God is All Powerful!
Shoutout from Joelle:
Say: We’re learning that God is all-powerful. In today’s Bible story, he sure proved that! While the fake god, Baal, couldn’t do anything, our real, all-powerful God lit a soaking wet altar on fire by sending fire from heaven!
Ask: Retell today’s bible story in your own words.
Say: Awesome job! Let’s see what this bible story would look like as told by kids.
Watch: “Elijah’s Big Showdown.”
Ask: Which parts of this video do you think were really accurate about what happened?
Which parts do you think were a little silly?
Say: God is all-powerful. The kids who told this story had fun and got a little silly, but the most important thing is that God showed his power in a big way! Wow, God!
Follow along below as a family:
Have kids form two groups. Give each group a set of blocks or Legos, and challenge them to build an altar. You may need to explain that an altar is kind of like a table where people put sacrifices.
Allow several minutes for kids to build. Then say: In the Bible, a man named Elijah had a contest with a bunch of guys who worshipped a fake god named Baal. Elijah wanted to show them that God is all-powerful. So each group built an altar and put a sacrifice on it. A sacrifice is a valuable gift you give to God, even though it costs you something to give it up.
So let’s think of sacrifices your group could put on your altar. Don’t worry—you’ll get it back. You might choose a really nice sneaker someone is wearing, cash, a phone, or anything else you think has value. Allow time for kids to choose a sacrifice and place it on their altar.
Say: When Elijah built his altar, he did something a little different. He didn’t just pile up stones and wood to build the altar; he dug a trench around it. Then he poured four big jars of water all over the altar. Spray one of the altars. If kids put something like a phone that could be damaged by water, spray around the sides of the altar but avoid getting the sacrifice wet.
Say: Here’s what’s weird about what Elijah did: The contest was to see whose god could light the sacrifice on fire.
Ask: • What happens when you try to light something wet on fire?
Say: If you wanted to lose a contest where you had to light something on fire, water would be a good strategy. But Elijah didn’t want to lose! He just trusted that God is all-powerful and could do the impossible…like light something wet on fire. In fact, he had people pour four more jars of water on it.
Spray the altar with water again.
Say: And then he said to do it a third time! Spray the altar one more time.
Say: By now, the altar was soaked. In fact, it was flooded! The water surrounded the altar and filled the trench around it. Here’s something else you should know: Samaria, the place where this contest took place, was in the middle of a drought. There hadn’t been rain in three years, and all the plants had died. That meant a lot of people were thirsty and hungry, because crops weren’t growing for them to eat.
Ask: • What do you think of Elijah wasting all this water during a drought?
• What does it show you about how Elijah viewed God?
Say: Elijah knew that God is all-powerful. Not only could God light something wet on fire, but God is also the one who sends rain and provides food. Elijah wasn’t worried about wasting water because God had promised rain was coming soon, and he trusted in God’s power to send rain.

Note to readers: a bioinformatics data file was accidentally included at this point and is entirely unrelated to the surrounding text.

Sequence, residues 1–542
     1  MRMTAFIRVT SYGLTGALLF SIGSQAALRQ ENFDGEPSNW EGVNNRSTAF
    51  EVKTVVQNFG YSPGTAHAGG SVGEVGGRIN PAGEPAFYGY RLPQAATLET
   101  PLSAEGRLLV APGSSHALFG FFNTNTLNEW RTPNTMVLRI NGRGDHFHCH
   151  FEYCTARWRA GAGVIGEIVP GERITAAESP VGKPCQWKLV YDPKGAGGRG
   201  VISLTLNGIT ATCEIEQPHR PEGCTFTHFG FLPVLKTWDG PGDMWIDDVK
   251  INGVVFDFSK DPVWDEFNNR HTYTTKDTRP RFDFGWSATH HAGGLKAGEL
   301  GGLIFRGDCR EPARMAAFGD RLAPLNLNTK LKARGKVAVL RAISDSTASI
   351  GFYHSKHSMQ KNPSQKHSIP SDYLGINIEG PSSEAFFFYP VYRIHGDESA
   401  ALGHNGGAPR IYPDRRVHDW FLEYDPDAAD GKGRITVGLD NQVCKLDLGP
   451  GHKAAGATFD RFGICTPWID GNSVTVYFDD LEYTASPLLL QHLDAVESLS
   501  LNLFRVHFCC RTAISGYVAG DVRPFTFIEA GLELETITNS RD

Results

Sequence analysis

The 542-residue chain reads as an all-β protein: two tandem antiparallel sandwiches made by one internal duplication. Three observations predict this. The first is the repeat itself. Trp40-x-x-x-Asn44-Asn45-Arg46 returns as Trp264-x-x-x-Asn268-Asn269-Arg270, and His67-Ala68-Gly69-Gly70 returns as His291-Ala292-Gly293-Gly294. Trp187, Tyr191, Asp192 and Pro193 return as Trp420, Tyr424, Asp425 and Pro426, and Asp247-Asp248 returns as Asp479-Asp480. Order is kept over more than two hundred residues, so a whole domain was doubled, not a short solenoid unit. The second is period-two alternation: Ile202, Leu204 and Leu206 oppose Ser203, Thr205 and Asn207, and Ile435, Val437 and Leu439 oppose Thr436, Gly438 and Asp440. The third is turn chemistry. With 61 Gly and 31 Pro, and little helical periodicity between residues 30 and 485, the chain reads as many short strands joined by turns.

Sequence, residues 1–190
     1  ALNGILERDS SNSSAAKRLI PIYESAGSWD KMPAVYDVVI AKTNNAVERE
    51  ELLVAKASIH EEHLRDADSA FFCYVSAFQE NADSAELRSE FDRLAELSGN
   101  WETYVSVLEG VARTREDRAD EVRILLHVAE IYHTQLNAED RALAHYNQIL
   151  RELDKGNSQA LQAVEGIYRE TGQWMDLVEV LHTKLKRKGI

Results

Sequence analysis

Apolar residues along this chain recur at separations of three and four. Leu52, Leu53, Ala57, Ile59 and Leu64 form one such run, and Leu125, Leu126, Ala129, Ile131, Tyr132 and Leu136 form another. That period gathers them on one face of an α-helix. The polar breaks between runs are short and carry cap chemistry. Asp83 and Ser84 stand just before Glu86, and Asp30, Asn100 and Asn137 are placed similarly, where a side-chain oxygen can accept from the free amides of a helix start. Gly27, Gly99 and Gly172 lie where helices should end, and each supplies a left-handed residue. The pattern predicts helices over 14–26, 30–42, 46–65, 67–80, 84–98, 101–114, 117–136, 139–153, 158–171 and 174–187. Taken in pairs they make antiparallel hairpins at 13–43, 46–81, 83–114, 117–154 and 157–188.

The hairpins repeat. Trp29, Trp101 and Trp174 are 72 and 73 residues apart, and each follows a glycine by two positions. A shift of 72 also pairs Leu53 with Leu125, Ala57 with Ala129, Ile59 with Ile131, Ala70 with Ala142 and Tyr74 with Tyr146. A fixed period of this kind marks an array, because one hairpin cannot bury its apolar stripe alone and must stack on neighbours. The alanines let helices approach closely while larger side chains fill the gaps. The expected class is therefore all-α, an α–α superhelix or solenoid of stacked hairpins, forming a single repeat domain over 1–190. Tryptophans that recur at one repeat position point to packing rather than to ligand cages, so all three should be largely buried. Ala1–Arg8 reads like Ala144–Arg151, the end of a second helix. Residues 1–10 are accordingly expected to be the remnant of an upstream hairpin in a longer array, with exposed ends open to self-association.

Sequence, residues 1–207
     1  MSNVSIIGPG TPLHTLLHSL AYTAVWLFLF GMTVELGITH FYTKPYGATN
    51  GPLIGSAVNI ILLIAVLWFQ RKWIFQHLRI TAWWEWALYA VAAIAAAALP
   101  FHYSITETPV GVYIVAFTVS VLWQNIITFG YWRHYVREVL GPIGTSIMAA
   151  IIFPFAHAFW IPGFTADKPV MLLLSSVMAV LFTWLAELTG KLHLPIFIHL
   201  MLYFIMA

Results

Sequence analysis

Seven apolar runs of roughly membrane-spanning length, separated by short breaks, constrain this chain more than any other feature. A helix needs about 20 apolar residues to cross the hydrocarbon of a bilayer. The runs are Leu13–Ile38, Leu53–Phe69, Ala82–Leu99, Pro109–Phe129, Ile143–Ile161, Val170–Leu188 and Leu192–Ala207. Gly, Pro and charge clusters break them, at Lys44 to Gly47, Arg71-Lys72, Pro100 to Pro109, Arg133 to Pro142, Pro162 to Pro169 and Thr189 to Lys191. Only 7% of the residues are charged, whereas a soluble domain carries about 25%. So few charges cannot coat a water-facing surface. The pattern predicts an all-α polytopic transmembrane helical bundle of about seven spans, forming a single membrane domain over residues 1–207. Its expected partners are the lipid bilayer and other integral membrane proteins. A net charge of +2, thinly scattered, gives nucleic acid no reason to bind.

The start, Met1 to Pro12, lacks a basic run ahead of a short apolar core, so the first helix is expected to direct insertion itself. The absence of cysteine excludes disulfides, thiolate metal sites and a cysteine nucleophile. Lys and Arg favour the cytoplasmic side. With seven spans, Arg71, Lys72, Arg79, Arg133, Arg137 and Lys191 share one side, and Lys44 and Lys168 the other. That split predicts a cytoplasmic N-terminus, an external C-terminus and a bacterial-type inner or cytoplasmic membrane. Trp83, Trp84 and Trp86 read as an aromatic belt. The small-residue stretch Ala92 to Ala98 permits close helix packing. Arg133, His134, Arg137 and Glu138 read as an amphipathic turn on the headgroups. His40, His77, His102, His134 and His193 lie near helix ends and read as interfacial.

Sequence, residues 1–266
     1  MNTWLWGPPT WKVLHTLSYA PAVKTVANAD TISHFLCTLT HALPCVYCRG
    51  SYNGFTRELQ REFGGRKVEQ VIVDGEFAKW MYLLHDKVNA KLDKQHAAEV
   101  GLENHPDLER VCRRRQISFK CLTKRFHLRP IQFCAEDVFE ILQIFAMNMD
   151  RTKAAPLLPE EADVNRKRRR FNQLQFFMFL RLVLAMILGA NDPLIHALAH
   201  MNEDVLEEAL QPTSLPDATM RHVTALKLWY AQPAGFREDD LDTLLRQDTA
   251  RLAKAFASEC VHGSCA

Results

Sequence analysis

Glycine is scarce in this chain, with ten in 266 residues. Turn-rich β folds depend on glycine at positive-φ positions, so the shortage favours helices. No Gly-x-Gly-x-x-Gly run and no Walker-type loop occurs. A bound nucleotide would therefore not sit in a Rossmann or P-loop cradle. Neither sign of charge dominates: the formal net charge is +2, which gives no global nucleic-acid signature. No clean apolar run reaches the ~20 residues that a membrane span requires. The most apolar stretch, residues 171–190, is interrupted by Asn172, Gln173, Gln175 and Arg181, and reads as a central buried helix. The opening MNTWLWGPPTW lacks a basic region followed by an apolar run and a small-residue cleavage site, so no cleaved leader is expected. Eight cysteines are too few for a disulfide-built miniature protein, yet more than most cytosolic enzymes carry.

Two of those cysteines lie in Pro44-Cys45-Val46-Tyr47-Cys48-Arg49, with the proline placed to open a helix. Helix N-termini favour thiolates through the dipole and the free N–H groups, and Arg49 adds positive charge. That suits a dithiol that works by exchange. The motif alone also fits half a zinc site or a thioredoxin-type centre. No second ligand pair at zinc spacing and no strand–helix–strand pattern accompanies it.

Point to the wet altar. Say: Let’s say this altar represents Elijah’s altar and the other one belongs to the prophets of Baal. Let’s see what happens when you try to light up your altar.
Light It Up
Give each group a flashlight, making sure to give the one with batteries to the group with the wet altar.
Say: Ready? Let’s see who can light up their altar! On the count of three, turn on your flashlight! 1, 2, 3! Have both groups try to turn on their flashlights.
Say: God is all-powerful, so he was the only one able to light the altar on fire. Listen to this.
Read 1 Kings 18:36-38.
Say: God is all-powerful! He won the contest! But why did only one flashlight win our contest? Let’s open the battery compartments and see if we can find out more about where their power comes from.
Have groups open the battery compartments and explore what’s inside.
Ask: • Why do you think your flashlight did or didn’t work?
• Why does a flashlight need batteries to turn on?
Say: Your flashlight had a working light bulb. It might have felt heavy enough to have batteries inside. But because it was full of rocks, it just didn’t turn on. It didn’t have power!
The prophets that competed against Elijah worshipped an idol named Baal. He was a made-up god, and he had as much power as the rocks in your flashlight—none!
But God is all-powerful. When we need power, we can turn to him.
Talk About It
Gather kids to discuss these questions. Whenever anyone answers, that person can hold the lit flashlight.
Ask: • What’s an area of your life where you need God’s power? After each child shares, pause and pray for that child to experience God’s power.
Say: Elijah was outnumbered in this story. It was just him on his team, but listen to who was on the other team. Read 1 Kings 18:19.
Ask: • How could God’s power help you when you feel alone or outnumbered?
Say: Elijah wasn’t scared in this story…but another guy was! Obadiah was a guy who loved God but worked for the evil king who followed Baal. He was afraid the king would kill him!
Ask: • How could God’s power help you when you feel afraid?
Say: Whether we’re alone, afraid, or have other problems in our lives, God is all-powerful. We can turn to him and believe that he’s stronger than what we’re up against.